Spontaneity can be defined as a force operating in the moment that leads a person to make an adequate response to a given situation or context, which can also lead to a new response to an old situation. As mentioned earlier, spontaneity for Moreno is un-conservable. It operates in a person in the moment as a readiness to action, and it changes from moment to moment. Moreno’s concept of spontaneity included adequacy in relationship to the context in which a person or group is acting. Moreno did not intend a simplistic reduction to “doing your thing” or “acting out,” which might better fit colloquial usage, even if the distinction is hard to make in practice. I would argue that Moreno considered spontaneity to be functionally similar to spirit, energy, or life force. In this sense he belonged to a generation that anticipated a new world order in which a decaying Europe was to be replaced by true democracy and a union of nations without war or suffering. Unlike Freud’s generation, which was only too aware of human potential for destructive aggression, Moreno’s was almost utopian in its belief that people could remake their destiny unfettered by biology or history.

Creativity is according to Moreno, the end result of a warming up process whereby a person increases his or her capacity to be spontaneous (1954). Spontaneity acts through a person as creativity, ranging from the simple novelty, such as a variation on a piece of performed music, through to original and significant developments of ideas in areas of science, philosophy or the arts, the renewing or creating relationships where once there were none, new understandings (such as internal appreciation of self, of others, or of life), or the creation of new art, music, or performance. Moreno was clear that there is a significant difference between the creator and the creation, through both are a product of creativity. He wrote that the creator’s evolution is more important than that of the creation (Moreno, 1946). Moreno also wrote that he saw human beings as co-creators along with god, so creativity is no simple concept in his cosmology.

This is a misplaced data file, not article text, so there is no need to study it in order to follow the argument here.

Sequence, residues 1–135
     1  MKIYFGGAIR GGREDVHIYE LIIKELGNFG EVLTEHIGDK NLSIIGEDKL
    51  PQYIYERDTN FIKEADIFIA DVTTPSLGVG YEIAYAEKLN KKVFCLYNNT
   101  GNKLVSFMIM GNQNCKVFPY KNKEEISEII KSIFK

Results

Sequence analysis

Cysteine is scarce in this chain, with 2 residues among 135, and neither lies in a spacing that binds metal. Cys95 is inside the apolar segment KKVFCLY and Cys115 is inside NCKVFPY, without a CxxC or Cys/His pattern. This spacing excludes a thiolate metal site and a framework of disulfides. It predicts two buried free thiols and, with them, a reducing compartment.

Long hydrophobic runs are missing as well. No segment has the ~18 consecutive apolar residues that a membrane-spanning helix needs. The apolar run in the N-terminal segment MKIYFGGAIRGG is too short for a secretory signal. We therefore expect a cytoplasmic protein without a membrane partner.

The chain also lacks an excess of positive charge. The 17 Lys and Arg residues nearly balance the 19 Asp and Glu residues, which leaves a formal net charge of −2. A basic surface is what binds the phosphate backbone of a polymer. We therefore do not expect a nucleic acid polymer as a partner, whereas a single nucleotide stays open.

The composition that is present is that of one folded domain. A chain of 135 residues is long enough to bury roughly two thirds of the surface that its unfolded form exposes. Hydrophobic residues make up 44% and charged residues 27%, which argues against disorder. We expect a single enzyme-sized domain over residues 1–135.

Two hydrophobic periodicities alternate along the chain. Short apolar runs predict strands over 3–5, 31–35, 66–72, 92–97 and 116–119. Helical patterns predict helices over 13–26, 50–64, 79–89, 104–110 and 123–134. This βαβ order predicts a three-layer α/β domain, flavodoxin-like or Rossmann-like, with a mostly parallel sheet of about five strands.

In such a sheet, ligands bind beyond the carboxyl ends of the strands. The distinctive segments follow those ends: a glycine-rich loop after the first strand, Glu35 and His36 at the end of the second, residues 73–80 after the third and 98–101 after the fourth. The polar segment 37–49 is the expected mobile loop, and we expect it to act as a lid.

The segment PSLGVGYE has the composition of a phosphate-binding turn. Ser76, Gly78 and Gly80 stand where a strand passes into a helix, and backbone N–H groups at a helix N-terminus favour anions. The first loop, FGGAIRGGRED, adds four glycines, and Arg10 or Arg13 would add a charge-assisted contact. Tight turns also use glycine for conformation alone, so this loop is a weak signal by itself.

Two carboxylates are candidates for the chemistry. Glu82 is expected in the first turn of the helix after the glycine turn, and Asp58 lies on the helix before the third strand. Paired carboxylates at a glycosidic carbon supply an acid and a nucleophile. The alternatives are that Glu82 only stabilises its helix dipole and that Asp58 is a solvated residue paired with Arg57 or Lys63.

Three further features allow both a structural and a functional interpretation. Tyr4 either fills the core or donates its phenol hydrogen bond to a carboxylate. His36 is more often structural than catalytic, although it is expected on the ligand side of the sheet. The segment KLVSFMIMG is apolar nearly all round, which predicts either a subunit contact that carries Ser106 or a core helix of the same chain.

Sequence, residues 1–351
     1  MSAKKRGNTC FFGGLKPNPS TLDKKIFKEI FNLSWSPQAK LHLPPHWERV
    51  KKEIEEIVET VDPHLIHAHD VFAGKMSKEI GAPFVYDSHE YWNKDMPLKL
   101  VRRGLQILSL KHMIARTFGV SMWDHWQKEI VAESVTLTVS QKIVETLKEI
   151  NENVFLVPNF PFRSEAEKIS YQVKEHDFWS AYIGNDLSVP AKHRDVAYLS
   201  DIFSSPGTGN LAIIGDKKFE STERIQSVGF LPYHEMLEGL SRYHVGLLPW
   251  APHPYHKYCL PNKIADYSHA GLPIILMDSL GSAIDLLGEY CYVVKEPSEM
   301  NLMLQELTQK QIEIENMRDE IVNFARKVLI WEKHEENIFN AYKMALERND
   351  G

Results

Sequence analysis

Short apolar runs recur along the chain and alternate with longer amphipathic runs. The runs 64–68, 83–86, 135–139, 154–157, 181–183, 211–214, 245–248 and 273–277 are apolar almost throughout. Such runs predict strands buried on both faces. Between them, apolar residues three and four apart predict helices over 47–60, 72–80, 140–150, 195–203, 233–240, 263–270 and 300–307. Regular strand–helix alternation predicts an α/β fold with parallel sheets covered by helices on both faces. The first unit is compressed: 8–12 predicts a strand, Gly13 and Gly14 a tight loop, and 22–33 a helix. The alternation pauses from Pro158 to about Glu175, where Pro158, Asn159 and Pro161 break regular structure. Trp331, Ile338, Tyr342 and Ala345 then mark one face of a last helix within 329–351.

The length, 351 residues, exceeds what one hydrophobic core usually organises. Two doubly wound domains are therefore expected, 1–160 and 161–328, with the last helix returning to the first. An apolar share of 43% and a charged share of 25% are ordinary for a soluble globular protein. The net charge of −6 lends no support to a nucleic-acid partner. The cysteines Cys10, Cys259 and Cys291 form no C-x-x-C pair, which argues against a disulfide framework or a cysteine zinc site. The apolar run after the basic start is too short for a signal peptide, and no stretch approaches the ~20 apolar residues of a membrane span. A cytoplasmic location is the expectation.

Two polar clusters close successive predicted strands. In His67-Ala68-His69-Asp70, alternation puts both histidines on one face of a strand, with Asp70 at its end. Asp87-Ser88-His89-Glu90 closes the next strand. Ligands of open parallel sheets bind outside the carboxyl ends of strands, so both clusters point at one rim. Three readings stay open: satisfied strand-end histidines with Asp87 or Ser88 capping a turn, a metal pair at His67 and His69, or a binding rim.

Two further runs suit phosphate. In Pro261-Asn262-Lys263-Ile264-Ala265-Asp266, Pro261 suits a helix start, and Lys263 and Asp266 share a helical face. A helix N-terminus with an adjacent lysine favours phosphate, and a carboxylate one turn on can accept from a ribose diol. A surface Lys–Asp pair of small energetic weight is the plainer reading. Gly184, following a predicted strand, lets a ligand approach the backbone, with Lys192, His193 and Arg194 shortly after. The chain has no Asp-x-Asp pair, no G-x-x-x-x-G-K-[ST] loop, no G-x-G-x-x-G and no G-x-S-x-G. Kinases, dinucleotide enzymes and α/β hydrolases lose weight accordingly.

Love and mutual sharing are straightforward terms, and his belief in what we would now call intersubjectivity led him to the development of ideas about encounter, groups, sociometry, and eventually group psychotherapy. In these relationships, there are two or more subjectivities, as distinct from a subjectivity (doctor) analyzing an object (patient or patients). The term encounter, often attributed to Martin Buber, made the transition from European philosophy to the English-speaking philosophies; however Moreno, who claimed the term as his, has a richer definition. He defines it roughly and artistically as: